In my own experience, I have constant numbness in certain parts of my back and occasionally get muscle spasms. I lean more to my left, due to my left curve being slightly worse than my right curve. I experience pain in the left side of my neck, my left shoulder blade, and under my left foot every single day because there is more pressure placed on the left side of my body.

2) There are multiple types of scoliosis

When people think of scoliosis, they usually think of the common side-to-side C-shaped or S-shaped scoliosis. But, there is also kyphosis and lordosis, which are two variations of scoliosis.

Kyphosis is a forward-rounding of the upper spine while lordosis is an inward-rounding of the lower spine.

3) Carrying heavy backpacks does not cause scoliosis

Parents often blame themselves for what their children experience. Parents want to protect their children from any type of pain or problems. And while that's understandable, parents shouldn't blame themselves for their child's scoliosis. Though their genes may play a part in their child's scoliosis, parents can't put the blame on themselves.

Sending children to school with heavy backpacks is not a cause of scoliosis, despite parents' concerns.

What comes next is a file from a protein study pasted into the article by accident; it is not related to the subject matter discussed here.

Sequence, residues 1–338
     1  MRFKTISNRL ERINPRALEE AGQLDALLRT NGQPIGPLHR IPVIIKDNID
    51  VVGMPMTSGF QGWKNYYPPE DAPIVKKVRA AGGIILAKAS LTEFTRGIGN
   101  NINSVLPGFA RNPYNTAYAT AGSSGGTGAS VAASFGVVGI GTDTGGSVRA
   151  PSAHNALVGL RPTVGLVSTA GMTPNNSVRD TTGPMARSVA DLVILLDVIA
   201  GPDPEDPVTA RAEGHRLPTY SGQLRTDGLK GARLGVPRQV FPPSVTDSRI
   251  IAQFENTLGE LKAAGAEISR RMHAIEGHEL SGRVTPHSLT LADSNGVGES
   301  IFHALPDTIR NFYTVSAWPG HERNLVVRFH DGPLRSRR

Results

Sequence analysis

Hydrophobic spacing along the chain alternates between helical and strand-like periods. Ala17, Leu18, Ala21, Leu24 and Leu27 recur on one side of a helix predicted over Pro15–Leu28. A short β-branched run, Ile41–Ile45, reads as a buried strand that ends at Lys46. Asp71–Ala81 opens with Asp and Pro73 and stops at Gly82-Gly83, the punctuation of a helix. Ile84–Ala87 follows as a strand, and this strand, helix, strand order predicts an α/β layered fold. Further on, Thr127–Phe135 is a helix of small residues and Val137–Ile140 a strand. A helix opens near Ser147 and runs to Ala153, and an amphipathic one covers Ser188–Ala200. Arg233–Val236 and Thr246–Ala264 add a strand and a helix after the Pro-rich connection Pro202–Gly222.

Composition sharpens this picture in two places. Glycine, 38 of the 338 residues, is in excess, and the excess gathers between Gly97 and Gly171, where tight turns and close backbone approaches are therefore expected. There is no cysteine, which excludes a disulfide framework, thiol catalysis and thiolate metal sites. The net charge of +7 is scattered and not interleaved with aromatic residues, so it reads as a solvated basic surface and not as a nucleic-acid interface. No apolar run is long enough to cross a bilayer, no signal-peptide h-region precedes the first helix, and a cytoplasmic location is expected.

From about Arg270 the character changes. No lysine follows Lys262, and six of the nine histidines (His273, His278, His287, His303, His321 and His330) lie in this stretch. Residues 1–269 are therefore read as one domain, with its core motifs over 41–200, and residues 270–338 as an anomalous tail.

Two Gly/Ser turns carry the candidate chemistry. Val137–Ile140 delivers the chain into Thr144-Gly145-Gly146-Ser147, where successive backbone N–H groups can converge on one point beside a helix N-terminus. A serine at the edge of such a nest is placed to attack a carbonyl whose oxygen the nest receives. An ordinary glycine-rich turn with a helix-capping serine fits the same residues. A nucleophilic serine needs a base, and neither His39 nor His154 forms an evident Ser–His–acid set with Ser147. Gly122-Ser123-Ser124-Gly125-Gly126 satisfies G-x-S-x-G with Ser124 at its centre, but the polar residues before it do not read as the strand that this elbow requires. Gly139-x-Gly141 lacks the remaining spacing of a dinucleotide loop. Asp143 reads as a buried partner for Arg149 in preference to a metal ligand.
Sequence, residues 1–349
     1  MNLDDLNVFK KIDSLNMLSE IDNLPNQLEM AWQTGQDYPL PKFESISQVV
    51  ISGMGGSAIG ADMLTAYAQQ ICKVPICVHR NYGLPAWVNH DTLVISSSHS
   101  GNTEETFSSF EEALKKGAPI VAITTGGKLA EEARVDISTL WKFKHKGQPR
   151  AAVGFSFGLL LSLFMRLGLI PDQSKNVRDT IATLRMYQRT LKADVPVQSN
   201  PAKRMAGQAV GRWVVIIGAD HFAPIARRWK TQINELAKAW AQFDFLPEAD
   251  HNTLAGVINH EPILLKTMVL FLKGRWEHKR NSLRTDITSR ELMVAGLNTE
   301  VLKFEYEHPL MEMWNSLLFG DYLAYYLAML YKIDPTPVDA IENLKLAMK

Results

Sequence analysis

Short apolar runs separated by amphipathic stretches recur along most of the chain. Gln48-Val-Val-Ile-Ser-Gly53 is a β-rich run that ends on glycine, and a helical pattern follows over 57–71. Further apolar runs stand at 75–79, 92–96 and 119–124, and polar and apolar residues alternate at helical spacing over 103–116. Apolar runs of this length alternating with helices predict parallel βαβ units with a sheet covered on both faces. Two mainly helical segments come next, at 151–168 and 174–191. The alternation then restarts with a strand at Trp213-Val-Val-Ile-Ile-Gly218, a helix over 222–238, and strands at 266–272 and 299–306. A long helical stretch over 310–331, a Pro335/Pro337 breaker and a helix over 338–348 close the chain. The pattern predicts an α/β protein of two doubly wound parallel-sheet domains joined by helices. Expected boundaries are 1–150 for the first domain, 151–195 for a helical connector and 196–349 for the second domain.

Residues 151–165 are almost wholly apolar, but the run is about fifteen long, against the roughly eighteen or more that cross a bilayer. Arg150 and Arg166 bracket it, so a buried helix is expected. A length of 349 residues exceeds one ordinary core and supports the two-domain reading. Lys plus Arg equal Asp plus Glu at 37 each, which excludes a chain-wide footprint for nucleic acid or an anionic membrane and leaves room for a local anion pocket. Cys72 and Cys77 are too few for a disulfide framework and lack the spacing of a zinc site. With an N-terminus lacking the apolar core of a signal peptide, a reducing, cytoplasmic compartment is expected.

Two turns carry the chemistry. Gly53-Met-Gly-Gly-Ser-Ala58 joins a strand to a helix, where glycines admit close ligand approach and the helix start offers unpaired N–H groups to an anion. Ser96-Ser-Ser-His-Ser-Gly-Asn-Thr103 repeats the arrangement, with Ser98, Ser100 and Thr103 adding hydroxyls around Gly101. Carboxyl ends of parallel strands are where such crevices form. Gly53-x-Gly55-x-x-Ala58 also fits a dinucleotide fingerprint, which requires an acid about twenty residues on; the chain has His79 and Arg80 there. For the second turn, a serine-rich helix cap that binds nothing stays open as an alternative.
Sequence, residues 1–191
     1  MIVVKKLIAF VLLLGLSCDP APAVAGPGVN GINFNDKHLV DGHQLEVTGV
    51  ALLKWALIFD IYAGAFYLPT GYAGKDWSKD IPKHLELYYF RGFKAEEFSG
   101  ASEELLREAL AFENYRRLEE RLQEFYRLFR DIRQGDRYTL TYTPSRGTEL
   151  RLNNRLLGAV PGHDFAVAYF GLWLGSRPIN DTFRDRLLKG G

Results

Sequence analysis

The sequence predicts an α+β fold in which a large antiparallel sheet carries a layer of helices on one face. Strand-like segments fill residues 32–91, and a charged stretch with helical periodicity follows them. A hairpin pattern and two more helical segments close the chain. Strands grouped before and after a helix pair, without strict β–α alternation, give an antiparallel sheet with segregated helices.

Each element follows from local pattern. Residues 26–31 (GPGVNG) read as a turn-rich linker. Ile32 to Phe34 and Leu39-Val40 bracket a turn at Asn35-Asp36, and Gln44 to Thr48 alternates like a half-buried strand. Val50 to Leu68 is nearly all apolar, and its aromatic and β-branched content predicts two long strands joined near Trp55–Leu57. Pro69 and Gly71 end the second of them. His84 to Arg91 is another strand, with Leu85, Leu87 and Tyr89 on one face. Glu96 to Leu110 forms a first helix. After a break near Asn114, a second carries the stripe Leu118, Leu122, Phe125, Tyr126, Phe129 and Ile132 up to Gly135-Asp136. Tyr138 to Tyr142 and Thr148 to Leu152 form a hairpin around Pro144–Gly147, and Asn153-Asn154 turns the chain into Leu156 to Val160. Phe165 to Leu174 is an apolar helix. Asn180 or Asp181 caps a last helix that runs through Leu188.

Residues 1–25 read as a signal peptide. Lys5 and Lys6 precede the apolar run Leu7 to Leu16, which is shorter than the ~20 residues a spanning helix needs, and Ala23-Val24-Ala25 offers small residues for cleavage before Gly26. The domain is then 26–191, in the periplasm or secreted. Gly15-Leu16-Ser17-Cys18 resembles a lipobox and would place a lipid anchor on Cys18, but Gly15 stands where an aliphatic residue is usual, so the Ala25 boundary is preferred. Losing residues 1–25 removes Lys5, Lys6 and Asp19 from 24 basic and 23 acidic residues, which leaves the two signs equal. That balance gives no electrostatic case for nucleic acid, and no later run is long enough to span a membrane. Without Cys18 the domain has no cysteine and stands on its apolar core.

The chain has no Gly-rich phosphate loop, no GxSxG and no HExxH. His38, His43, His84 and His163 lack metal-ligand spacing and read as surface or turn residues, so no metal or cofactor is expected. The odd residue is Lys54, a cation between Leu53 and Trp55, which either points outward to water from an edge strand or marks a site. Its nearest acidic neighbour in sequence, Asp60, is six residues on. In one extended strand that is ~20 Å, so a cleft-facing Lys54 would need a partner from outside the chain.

I have all brothers, all of whom did backpacking on camping trips multiple times a year, on top of carrying heavy backpacks every day at school. Not a single one of them developed scoliosis.

As for me, I've never gone backpacking, did everything I could to lighten my school backpack, but still developed a moderate-to-severe case of scoliosis.

4) Some people develop scoliosis in adulthood

Prepubescent boys and girls (more so the latter of the two) are the most common scoliosis patients. However, some adults can develop scoliosis long after their childhood.

Usually, adult-onset scoliosis is caused by degenerative disks and osteoporosis, a common issue many seniors face.

However, some adults could be undiagnosed with scoliosis until they've reached adulthood.